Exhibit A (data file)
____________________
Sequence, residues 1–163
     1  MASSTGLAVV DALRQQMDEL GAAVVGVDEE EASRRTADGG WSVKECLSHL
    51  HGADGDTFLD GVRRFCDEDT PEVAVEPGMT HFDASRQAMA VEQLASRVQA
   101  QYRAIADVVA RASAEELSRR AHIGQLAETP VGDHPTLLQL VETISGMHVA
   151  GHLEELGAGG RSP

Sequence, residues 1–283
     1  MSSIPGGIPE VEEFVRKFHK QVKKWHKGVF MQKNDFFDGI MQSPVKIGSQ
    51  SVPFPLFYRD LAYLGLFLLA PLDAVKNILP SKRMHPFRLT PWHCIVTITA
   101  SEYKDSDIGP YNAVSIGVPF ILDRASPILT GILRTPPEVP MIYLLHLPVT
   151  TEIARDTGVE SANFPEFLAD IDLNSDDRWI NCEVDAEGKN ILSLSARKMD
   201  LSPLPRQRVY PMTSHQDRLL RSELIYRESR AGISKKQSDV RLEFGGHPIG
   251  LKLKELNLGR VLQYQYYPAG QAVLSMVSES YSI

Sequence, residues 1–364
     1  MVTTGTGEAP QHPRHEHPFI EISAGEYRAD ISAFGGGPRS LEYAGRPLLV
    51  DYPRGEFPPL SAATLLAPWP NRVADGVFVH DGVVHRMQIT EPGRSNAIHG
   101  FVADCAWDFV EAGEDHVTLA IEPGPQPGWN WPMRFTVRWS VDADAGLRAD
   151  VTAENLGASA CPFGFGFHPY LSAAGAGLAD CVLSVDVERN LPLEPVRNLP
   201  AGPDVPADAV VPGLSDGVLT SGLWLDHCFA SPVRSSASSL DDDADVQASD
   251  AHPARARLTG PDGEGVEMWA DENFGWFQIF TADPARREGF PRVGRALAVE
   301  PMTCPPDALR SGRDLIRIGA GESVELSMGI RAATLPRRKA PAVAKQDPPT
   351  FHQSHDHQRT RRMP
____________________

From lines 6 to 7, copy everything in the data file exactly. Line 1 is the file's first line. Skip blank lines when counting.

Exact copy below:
Sequence, residues 1–283
     1  MSSIPGGIPE VEEFVRKFHK QVKKWHKGVF MQKNDFFDGI MQSPVKIGSQ